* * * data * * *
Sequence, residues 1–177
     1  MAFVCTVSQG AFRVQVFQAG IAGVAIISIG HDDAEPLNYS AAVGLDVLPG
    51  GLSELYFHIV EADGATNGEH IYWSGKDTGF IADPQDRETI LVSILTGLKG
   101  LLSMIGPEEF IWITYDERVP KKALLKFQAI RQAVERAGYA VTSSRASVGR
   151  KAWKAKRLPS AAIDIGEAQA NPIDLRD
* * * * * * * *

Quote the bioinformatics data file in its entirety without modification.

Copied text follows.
Sequence, residues 1–177
     1  MAFVCTVSQG AFRVQVFQAG IAGVAIISIG HDDAEPLNYS AAVGLDVLPG
    51  GLSELYFHIV EADGATNGEH IYWSGKDTGF IADPQDRETI LVSILTGLKG
   101  LLSMIGPEEF IWITYDERVP KKALLKFQAI RQAVERAGYA VTSSRASVGR
   151  KAWKAKRLPS AAIDIGEAQA NPIDLRD